Even though these topics are different, we have the ITU, whose mandate is telecommunications and ICT, working with member states, private companies, academia, and basically working on the building blocks of AI for Good.

So you’re trying to lay the groundwork for common AI standards? 
Yes, these groups are working on gap analysis: what standards exist, and which ones don’t? Is there any overlap between existing standards? That's a good starting point for figuring out what to work on. But more than that, they're identifying high-potential use cases. So one challenge is, developing a framework for the testing and evaluation of AI for Health applications. Imagine if you're a mayor or running a hospital and you're evaluating these high-potential applications. And there are hundreds, if not thousands. How do you know which ones are any good?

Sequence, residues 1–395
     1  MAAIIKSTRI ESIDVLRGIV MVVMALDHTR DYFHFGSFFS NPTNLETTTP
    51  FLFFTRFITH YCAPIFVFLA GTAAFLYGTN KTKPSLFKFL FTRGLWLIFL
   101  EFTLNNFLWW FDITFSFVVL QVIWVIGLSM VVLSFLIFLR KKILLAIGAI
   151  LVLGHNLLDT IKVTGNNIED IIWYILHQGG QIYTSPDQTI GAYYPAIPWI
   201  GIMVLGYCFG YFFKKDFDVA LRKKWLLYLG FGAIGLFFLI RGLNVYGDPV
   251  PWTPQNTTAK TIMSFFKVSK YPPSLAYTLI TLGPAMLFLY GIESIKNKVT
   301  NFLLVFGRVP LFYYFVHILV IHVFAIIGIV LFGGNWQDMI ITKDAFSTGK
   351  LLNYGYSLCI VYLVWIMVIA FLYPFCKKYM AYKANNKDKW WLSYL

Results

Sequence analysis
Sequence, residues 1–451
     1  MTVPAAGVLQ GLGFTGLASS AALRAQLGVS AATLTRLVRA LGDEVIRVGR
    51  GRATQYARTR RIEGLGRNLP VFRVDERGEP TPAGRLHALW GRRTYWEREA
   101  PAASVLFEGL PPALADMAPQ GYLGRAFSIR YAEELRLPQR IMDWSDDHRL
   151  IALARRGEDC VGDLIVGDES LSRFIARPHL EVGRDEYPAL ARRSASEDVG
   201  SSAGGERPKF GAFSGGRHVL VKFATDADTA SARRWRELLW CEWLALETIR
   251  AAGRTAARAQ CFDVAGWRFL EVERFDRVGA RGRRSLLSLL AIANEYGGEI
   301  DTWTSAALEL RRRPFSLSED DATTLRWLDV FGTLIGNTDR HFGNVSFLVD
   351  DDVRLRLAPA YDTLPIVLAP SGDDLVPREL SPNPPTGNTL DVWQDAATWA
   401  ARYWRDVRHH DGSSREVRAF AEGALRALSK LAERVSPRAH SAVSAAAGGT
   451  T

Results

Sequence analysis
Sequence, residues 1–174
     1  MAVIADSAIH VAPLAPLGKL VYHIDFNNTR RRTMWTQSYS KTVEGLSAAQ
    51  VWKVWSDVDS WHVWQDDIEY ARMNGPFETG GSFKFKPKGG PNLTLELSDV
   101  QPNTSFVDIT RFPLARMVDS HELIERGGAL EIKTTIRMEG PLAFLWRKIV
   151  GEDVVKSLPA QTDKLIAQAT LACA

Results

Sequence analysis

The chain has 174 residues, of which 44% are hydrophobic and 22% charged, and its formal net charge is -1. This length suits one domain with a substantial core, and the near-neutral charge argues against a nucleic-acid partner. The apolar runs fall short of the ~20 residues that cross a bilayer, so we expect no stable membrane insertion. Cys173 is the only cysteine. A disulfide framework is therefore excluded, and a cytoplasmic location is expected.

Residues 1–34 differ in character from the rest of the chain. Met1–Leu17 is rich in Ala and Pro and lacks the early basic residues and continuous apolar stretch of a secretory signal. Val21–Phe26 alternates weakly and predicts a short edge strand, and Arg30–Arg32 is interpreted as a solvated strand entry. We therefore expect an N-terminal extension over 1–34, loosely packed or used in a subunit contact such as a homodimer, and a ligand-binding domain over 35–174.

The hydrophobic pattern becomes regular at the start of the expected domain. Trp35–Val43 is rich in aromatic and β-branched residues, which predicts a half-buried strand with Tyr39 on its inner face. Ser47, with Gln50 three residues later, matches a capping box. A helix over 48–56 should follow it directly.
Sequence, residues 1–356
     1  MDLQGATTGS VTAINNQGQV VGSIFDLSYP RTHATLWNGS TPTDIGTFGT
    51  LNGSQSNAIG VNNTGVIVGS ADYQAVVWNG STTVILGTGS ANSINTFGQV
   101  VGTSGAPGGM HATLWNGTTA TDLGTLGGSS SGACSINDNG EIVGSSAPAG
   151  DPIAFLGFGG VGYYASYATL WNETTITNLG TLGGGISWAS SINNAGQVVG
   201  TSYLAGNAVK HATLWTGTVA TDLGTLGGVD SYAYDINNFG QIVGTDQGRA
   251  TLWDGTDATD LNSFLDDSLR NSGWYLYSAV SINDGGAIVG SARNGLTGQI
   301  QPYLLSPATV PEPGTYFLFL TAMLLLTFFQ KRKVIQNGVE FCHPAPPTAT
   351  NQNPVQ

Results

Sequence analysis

In the past, there was no one way to measure apples with apples. So they've created a system where you can actually test the performance of these algorithms, and then use the information to make informed decisions.

These are the bottlenecks that are really preventing AI-for-Good solutions. But, the ITU acts as a funnel, collecting all these requirements and problems from a wide range of stakeholders. It then goes into this pre-standardization mechanism called focus groups, and eventually finds its way into the international standardization process.

What are the challenges with respect to AI governance?